Oral Health can Affect General Health
As a woman you have special needs at different points of your life. Your oral health is no exception, and can be affected by hormonal changes during puberty, menstruation, pregnancy and menopause. While good oral health, which includes care of the teeth, gums and mouth, is important in any stage of your life, it is very important during pregnancy.
What are some common dental problems during pregnancy?
Pregnant women are at higher risk for developing tooth decay. They are also particularly vulnerable to gum disease (gingivitis) and a chronic bacterial disease that affects the gums, attachment fi bers and bone supporting the teeth (periodontal disease or periodontitis). These risks increase in women who smoke, experience nutritional defi ciencies, or have less frequent visits to the dentist. Gingivitis is often caused by inadequate oral hygiene and is reversible with professional treatment and good oral care. Untreated gingivitis can advance to periodontitis.
How does pregnancy affect teeth and gums?
- Pregnant women and those who take some oral contraceptives experience high levels of the hormone progesterone. Elevated levels of this hormone increase gum sensitivity to the bacteria found in plaque and may cause gingivitis (red, puffy or tender gums that easily bleed when brushing).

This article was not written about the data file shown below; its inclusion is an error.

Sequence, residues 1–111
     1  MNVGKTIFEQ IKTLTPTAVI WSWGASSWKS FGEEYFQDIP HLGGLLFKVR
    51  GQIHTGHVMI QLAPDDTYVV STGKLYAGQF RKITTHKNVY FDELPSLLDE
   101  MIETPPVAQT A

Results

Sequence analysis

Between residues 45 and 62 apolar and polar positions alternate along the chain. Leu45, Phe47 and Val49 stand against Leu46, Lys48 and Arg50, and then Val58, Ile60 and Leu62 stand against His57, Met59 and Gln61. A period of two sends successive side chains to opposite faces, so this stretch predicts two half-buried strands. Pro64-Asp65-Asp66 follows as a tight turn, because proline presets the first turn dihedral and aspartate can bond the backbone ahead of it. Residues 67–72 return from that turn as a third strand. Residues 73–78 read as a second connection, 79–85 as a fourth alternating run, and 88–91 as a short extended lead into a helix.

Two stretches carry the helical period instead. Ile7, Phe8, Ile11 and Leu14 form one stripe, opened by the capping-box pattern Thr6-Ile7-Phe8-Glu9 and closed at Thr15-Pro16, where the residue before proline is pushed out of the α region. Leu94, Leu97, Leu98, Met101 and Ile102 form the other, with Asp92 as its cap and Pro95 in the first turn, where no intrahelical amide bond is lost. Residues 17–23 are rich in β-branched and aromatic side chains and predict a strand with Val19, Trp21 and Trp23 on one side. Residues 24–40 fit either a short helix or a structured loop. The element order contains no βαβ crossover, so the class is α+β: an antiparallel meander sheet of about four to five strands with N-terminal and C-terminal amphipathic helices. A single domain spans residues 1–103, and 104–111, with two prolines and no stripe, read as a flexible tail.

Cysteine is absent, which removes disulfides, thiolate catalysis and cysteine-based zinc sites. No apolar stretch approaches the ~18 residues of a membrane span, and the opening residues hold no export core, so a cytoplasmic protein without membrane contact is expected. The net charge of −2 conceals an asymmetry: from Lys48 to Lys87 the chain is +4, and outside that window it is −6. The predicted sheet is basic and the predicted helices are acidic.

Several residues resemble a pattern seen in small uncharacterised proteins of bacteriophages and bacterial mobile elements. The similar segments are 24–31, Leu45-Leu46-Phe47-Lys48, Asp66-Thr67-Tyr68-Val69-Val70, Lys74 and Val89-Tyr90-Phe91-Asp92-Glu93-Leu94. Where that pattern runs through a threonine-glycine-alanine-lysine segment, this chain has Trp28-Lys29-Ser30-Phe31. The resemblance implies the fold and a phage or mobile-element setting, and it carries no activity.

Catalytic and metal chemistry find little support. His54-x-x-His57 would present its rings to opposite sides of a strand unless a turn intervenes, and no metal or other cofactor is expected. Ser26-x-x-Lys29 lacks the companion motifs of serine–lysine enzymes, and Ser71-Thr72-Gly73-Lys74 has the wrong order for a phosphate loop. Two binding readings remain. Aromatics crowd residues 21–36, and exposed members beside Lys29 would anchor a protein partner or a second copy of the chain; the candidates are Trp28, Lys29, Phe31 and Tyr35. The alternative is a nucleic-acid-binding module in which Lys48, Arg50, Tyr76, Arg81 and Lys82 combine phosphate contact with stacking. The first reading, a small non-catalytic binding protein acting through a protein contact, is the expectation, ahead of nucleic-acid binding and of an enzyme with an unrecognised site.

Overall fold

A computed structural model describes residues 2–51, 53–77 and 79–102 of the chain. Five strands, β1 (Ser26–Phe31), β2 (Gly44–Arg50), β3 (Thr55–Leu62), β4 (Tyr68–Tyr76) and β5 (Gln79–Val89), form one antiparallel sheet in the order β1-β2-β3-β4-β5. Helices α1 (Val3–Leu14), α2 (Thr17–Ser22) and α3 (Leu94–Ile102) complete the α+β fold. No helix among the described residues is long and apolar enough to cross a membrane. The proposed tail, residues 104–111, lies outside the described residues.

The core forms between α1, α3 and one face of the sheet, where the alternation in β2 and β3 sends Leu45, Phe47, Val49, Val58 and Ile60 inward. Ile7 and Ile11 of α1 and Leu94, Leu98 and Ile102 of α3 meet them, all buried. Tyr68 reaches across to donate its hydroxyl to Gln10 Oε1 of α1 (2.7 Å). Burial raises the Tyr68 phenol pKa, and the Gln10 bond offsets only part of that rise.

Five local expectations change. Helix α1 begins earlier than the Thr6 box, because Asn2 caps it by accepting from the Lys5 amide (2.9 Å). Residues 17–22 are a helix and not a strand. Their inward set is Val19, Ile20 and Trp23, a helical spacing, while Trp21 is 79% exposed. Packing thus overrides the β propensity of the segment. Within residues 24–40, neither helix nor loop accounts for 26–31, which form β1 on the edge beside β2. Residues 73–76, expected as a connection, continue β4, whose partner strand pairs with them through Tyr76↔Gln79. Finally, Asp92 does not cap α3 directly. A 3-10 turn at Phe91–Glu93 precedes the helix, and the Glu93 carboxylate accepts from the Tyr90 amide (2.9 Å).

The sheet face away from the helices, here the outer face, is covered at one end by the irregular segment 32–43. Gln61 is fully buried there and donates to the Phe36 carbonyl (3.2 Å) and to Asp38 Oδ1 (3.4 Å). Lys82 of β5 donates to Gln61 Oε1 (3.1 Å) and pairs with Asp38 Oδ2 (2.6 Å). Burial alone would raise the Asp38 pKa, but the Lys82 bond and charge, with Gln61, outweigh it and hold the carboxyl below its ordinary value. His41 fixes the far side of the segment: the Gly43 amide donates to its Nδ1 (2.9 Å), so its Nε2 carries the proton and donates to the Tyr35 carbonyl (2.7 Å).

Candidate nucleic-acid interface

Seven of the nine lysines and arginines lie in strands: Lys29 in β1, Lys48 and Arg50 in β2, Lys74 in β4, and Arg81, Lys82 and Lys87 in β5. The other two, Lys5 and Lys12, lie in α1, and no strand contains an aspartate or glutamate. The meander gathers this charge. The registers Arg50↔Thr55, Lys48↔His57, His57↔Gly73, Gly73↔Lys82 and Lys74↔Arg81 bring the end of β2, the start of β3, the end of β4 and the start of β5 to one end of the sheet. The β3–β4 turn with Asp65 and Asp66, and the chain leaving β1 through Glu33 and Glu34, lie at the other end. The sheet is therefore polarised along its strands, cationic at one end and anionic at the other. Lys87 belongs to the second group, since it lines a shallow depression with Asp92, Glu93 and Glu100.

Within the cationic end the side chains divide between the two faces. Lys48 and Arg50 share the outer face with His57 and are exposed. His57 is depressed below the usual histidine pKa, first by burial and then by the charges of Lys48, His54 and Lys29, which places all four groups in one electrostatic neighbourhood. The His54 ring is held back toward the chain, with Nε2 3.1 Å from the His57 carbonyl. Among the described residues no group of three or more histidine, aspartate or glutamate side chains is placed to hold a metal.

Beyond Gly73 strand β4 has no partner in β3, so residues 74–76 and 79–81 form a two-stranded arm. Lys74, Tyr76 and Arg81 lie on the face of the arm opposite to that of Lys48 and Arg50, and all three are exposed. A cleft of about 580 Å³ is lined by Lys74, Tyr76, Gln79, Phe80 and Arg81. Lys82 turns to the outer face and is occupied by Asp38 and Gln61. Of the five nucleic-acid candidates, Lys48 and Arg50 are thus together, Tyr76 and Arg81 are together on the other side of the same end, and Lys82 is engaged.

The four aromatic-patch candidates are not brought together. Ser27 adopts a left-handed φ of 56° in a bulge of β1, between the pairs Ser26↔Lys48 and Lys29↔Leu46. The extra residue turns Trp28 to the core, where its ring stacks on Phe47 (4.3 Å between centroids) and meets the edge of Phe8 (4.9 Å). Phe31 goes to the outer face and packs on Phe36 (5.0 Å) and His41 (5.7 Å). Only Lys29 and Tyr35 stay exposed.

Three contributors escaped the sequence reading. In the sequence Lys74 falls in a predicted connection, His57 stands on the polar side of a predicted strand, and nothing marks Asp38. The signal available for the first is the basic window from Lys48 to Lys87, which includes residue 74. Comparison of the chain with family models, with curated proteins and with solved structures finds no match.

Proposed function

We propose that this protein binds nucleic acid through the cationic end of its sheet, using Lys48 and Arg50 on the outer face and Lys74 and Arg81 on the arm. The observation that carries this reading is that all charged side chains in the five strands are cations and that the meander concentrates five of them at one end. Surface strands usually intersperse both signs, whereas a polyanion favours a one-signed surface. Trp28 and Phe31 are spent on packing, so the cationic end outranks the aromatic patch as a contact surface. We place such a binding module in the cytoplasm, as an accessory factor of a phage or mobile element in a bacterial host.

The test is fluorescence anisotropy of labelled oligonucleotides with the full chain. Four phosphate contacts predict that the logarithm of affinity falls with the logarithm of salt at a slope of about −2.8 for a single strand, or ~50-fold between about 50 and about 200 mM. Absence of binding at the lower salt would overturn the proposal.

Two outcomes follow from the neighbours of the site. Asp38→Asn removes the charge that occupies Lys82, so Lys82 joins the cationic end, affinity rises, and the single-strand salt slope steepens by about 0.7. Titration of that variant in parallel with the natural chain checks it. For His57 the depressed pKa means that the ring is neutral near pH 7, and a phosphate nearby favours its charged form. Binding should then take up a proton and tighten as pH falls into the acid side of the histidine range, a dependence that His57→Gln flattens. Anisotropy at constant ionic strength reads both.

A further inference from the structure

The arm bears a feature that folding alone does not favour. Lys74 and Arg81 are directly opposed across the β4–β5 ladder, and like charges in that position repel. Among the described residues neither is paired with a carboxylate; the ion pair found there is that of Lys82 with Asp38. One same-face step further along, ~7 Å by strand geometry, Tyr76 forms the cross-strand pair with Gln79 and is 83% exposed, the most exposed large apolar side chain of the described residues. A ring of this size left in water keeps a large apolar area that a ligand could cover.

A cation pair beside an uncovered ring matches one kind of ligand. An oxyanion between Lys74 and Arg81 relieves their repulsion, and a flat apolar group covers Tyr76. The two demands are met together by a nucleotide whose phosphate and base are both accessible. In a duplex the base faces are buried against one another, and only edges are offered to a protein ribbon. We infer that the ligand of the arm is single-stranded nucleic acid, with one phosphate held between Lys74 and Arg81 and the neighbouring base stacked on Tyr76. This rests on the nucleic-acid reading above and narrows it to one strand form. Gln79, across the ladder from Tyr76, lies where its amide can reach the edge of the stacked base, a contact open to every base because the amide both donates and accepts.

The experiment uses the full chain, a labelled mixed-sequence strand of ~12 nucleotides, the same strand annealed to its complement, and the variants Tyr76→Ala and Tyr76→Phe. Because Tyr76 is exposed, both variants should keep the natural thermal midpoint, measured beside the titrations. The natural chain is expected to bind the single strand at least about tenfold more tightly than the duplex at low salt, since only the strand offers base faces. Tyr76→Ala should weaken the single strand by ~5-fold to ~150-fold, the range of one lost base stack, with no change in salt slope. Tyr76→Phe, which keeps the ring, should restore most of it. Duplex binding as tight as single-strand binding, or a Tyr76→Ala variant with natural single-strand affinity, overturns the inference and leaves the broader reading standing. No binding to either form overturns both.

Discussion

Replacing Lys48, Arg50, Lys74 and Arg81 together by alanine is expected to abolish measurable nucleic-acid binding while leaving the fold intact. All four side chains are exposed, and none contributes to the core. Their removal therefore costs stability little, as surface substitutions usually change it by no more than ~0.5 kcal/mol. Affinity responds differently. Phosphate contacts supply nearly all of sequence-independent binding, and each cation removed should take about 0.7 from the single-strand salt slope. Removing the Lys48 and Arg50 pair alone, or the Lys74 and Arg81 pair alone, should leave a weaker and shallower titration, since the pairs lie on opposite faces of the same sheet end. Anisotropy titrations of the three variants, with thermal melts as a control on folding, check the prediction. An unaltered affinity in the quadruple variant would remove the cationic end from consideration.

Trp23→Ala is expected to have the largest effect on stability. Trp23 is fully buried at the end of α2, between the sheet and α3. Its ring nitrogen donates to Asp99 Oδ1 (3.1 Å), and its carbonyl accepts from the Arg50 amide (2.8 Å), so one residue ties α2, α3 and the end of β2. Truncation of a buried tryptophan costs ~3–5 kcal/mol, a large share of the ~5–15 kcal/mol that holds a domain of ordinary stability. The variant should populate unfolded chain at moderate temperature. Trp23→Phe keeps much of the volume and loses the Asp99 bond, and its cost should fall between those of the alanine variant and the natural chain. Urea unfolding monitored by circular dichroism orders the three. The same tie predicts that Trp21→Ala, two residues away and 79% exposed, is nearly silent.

- Increased need and desire for food and snacking, especially on sticky foods that stay on teeth longer, may cause tooth decay.
- Morning sickness (nausea and vomiting) during pregnancy can also increase the incidence of dental health problems. Frequent vomiting can leave stomach acids in the mouth. If this acid is not cleared away quickly, it can damage surfaces of teeth and cause tooth decay.
- Pregnant women sometimes get very busy and may run out of time and energy to care for themselves and their dental health.
- In addition, pregnant women may not experience symptoms until they reach advanced disease stages.
Could gum disease affect your baby’s health?
Anything that damages a mother’s health can also affect her baby. Emerging evidence and new research have shown a relationship between pre-term, low birth weight babies and gingivitis. The excessive bacteria which cause gingivitis can enter the bloodstream through the gums and travel to the uterus, triggering the production of chemicals called “prostaglandins,” which are suspected to induce premature labor.
Reprinted with the permission of the California Childcare Health Program.
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